Every week, the folks at iTunes find a movie they like and make it available to rent for the low, low price of $0.99. I’m here to tell you whether that film is worth your hard-earned dollar.
This week, Tom Holland and Jon Bernthal traverse lavish Irish landscapes of the 13th century on a very important Pilgrimage.
You Are in Service of the Church, Are You Not?
Europe. 1209 A.D. As the holy crusades threaten to consume the whole of the continent, a high-ranking priest (Richard Armitage) is dispatched to the west coast of Ireland to retrieve a holy relic with political and religious importance that may turn the tides of conflict. Once the relic is retrieved, the priest’s arduous journey – with a devout young monk (Holland) and a mute field hand (Bernthal) in tow – to Rome begins. But Ireland remains a land of wildling clans and ancient superstitions. With danger lingering beyond every bend in the road, the travelers soon find that this journey may well be their last. And that faith alone may not be enough to spare them. Welcome to the beautiful and baffling world of Brendan Muldowney’s Pilgrimage.
You Reek of Blood, Brother!
Don’t worry, we’d never heard of this film either … which is odd as it features two major players from the Marvel Cinematic Universe. With star power like that, the fact that Pilgrimage has flown almost completely under the radar might lead one to question the film’s quality. While Pilgrimage is unlikely to be a player in the coming awards season, it’s hardly the abomination its profile would indicate. And quite often it’s a captivating, cold-blooded look at faith and fellowship in 13th century Ireland. One that forges a stark, intimate adventure from its near-epic fires.
Please understand that the term “near-epic” is not meant in a disparaging way. It’s merely a reflection of the film’s scale. Pilgrimage is, at its core, a very intimate film. One that’s centered entirely around the travails of the rag-tag team of holy men who lead us on the journey. Much of the film concerns itself with the politics and piety forged within the group’s hierarchy. By that standard, Pilgrimage could easily be labeled a talkie little indie.
But then all that talking is also a source of conflict throughout. After all, the holy crusades were essentially the culture clash to end all culture clashes. Those clashes play within Pilgrimage‘s journeymen in the guise of language barriers. There are three separate languages – French, Gaelic and English – at play in the film. As the story unfolds, the matter of who knows what and when becomes vital to each individual’s outcome. That approach suffuses an unexpected level of drama into every spoken word or knowing glance throughout the film.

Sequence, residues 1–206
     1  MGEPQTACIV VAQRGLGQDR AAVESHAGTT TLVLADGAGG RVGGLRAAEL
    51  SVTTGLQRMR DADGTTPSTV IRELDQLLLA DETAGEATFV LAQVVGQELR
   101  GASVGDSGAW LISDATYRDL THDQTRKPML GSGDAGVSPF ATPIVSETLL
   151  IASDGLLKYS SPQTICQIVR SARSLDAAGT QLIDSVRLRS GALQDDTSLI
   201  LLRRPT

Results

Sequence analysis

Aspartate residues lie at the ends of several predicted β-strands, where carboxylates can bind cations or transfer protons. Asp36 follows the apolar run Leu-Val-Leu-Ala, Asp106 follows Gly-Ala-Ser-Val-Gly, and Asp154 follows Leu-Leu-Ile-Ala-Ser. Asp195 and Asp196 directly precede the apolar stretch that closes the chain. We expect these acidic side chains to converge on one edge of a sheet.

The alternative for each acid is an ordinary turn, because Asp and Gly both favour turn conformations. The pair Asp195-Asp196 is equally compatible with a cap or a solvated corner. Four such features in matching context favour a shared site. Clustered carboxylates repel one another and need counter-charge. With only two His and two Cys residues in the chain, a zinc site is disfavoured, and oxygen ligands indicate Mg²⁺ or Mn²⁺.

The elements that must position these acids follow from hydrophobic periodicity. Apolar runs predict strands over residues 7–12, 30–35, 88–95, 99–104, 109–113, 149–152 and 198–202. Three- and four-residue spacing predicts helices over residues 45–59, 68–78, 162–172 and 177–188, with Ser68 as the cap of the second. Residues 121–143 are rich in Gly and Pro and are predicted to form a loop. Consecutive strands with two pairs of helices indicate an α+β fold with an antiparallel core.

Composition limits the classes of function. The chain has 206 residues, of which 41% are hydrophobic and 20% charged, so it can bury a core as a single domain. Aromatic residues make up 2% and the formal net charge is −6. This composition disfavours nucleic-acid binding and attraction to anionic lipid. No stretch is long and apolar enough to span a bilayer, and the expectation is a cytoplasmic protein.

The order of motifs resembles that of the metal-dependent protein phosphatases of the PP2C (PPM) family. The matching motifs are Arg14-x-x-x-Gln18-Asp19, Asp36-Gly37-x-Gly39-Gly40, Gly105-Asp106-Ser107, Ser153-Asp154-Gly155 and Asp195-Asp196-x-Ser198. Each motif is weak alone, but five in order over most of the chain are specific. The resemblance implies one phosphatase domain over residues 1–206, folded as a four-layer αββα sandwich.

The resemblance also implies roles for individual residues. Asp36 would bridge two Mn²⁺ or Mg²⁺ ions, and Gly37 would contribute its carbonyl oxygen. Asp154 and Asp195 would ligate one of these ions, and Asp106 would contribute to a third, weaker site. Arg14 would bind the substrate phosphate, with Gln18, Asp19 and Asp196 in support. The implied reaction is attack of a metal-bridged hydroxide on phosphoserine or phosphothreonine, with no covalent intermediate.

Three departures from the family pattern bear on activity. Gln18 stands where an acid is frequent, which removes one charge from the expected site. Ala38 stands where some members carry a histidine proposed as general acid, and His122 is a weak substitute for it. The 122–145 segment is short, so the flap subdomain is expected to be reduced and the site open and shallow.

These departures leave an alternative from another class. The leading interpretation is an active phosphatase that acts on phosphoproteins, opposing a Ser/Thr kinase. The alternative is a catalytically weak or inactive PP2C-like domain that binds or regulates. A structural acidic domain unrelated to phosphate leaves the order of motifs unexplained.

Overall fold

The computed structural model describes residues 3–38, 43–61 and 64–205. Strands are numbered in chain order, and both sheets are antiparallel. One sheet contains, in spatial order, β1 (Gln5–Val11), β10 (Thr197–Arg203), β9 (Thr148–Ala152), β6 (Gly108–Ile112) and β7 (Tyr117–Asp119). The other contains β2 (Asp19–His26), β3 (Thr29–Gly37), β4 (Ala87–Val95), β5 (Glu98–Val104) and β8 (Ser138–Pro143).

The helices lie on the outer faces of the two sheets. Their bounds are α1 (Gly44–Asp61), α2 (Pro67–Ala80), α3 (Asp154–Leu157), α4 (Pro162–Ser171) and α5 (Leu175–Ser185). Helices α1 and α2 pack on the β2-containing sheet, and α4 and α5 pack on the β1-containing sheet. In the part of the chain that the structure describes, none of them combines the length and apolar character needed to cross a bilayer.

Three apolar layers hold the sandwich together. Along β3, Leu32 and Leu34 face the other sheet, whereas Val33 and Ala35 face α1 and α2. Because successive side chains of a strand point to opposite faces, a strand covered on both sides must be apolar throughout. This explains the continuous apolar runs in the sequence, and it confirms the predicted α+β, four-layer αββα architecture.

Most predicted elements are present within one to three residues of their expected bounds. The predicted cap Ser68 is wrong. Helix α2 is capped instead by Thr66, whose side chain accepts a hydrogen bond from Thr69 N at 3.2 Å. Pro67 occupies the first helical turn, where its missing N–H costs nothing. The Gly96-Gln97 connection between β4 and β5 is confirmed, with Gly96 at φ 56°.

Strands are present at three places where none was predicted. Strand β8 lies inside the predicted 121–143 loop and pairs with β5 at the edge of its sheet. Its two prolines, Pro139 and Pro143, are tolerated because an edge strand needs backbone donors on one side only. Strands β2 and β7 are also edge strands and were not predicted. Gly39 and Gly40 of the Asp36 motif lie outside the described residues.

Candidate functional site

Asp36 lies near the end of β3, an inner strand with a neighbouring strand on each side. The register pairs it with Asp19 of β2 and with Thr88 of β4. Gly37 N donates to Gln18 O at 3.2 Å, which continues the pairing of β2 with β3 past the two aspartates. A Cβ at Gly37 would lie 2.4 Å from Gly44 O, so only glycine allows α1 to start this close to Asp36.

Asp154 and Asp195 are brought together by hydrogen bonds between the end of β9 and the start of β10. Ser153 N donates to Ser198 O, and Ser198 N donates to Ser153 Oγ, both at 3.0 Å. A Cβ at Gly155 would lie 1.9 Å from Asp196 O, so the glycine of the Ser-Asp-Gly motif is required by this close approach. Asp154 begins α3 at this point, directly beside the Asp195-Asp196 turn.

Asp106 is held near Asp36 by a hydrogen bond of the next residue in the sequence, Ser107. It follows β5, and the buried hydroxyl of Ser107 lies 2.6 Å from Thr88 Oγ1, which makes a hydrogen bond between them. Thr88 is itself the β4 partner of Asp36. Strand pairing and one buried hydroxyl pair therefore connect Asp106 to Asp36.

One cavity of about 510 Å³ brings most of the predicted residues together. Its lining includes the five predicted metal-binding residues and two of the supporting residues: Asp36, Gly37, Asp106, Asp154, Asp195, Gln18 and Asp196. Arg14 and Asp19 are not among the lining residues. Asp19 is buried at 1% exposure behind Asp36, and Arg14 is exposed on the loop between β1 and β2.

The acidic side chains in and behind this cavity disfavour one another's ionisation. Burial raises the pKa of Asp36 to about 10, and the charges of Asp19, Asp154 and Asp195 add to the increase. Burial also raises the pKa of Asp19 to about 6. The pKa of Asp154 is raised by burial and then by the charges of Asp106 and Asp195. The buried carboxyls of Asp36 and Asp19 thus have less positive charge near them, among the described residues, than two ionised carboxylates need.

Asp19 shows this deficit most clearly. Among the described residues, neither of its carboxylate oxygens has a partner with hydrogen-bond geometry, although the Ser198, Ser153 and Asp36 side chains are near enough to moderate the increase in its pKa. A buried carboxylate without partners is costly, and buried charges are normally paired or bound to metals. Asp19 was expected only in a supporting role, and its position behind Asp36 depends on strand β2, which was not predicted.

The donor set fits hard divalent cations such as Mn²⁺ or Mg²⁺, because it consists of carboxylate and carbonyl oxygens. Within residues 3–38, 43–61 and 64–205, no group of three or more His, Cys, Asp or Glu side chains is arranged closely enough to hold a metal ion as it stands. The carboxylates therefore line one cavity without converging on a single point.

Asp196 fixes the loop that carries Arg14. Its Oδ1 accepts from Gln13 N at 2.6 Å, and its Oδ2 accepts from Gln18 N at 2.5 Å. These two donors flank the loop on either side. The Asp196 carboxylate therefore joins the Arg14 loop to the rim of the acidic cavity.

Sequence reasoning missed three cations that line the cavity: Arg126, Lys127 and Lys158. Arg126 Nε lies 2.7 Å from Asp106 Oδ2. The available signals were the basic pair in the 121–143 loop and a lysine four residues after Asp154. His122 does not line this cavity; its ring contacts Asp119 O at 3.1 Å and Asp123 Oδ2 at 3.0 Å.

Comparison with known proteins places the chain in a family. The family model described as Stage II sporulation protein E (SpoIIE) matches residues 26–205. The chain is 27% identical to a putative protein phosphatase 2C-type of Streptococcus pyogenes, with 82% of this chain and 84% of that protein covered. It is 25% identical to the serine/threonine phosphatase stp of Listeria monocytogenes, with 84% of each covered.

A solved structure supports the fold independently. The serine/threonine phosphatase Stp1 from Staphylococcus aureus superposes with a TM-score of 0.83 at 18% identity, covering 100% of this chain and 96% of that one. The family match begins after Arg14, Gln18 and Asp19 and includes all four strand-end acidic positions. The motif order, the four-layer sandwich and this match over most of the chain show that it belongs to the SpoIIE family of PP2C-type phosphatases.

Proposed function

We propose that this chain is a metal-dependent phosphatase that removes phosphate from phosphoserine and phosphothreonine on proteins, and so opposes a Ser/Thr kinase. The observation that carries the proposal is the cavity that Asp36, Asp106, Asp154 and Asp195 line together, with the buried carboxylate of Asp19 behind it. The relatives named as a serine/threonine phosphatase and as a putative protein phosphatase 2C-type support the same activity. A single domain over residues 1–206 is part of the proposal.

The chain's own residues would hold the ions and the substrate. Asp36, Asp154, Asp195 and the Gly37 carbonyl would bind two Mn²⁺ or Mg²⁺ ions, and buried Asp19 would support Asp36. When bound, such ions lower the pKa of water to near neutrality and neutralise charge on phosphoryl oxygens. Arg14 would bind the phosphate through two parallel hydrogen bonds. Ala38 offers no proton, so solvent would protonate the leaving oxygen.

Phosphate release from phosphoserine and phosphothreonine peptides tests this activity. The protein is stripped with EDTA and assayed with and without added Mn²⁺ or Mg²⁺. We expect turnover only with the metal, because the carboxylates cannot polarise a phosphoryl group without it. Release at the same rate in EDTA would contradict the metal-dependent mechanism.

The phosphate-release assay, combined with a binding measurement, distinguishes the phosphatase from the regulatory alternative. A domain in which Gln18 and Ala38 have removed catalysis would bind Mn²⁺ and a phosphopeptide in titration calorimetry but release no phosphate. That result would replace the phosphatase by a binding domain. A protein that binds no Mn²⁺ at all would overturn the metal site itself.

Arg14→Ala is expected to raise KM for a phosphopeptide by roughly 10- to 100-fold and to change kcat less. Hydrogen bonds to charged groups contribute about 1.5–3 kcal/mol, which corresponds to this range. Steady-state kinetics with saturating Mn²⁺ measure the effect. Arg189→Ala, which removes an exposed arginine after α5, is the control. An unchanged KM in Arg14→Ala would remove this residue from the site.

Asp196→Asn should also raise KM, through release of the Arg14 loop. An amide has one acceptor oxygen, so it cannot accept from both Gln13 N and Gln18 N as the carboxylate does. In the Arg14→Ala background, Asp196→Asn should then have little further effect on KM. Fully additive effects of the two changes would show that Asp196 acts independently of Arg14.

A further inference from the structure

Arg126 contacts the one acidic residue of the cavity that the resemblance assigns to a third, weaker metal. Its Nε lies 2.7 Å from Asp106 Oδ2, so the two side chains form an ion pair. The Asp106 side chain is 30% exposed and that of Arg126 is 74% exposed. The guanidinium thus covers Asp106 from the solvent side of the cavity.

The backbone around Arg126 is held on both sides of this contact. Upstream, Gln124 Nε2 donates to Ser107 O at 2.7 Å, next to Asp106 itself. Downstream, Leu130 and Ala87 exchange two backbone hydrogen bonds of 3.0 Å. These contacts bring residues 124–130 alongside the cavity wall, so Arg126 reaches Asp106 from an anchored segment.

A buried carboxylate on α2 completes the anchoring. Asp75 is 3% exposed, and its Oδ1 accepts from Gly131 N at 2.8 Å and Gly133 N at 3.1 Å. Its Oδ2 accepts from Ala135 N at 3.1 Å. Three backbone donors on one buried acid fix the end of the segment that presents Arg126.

Muldowney uses the caustically quiet moments in between all the chatter to build those small-scale conflicts into one searing narrative. The sort that boils over in startling ways over the film’s final moments. That Muldowney makes the trip to those final moments feel so big is what makes Pilgrimage such a confounding little film. Yes, the story is small, but its potential effects on the world at large give it a welcome sense of grandeur. Ultimately, it’s Tom Comerford’s breathtaking, atmospheric cinematography that earns Pilgrimage its “near-epic” label. Of that cinematography, let’s just say that you have never seen the Irish coasts and countryside captured with such vivid, moody elegance. And if nothing else comes from this film, it should land Comerford firmly on the radar of filmmakers across the globe.
That’s why it’s such a shame that the writing throughout Pilgrimage fails to live up to the film’s technical bravura. While Pilgrimage gets so much right with its complex verbal sparring, the film’s overall plotting can only be described as lazy and uninspiring. Seems that in a world consumed by both moral grandstanding and moral indiscretion, Pilgrimage‘s writer couldn’t be bothered to bring any moral complexity into the film. Instead, Pilgrimage presents a black and white world where the good guys do good, the bad guys do bad, and you pretty much know how things are going to play out about 15 minutes into the action. That you still care how the story plays out is a testament to the film’s cast – who are across the board solid – and the vision of Brendan Muldowney. That Pilgrimage never quite lives up to their ambition is the only real knock against an otherwise fascinating little film.
Look, I’m not going to sit here and tell you that Pilgrimage is a great film. It isn’t. But it is a consistently intriguing piece of work. If nothing else, it’s an absolutely gorgeous film to look at. Those of you brave enough to make the perilous journey are likely to find more beauty than bombast in Pilgrimage … even in its sillier moments. And if you’re down to make a wicked, crusade tinged double-feature, you should think about pairing this Pilgrimage with Nicolas Winding Refn’s similarly themed but infinitely more brutal epic Valhalla Rising. Which you can currently stream on Netflix.